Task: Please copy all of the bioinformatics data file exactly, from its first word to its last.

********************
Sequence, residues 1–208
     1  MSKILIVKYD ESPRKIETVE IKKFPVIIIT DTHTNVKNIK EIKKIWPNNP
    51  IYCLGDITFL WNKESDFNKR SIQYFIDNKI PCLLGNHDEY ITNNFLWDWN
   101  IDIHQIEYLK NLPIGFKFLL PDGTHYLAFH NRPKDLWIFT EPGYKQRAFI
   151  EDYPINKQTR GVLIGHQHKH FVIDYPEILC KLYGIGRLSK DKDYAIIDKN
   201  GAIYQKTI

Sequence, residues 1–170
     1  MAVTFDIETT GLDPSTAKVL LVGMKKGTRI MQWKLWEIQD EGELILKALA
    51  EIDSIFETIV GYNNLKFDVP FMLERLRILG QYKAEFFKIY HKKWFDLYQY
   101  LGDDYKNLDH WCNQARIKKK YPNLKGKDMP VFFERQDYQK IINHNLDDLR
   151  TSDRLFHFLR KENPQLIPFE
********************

Sequence, residues 1–208
     1  MSKILIVKYD ESPRKIETVE IKKFPVIIIT DTHTNVKNIK EIKKIWPNNP
    51  IYCLGDITFL WNKESDFNKR SIQYFIDNKI PCLLGNHDEY ITNNFLWDWN
   101  IDIHQIEYLK NLPIGFKFLL PDGTHYLAFH NRPKDLWIFT EPGYKQRAFI
   151  EDYPINKQTR GVLIGHQHKH FVIDYPEILC KLYGIGRLSK DKDYAIIDKN
   201  GAIYQKTI

Sequence, residues 1–170
     1  MAVTFDIETT GLDPSTAKVL LVGMKKGTRI MQWKLWEIQD EGELILKALA
    51  EIDSIFETIV GYNNLKFDVP FMLERLRILG QYKAEFFKIY HKKWFDLYQY
   101  LGDDYKNLDH WCNQARIKKK YPNLKGKDMP VFFERQDYQK IINHNLDDLR
   151  TSDRLFHFLR KENPQLIPFE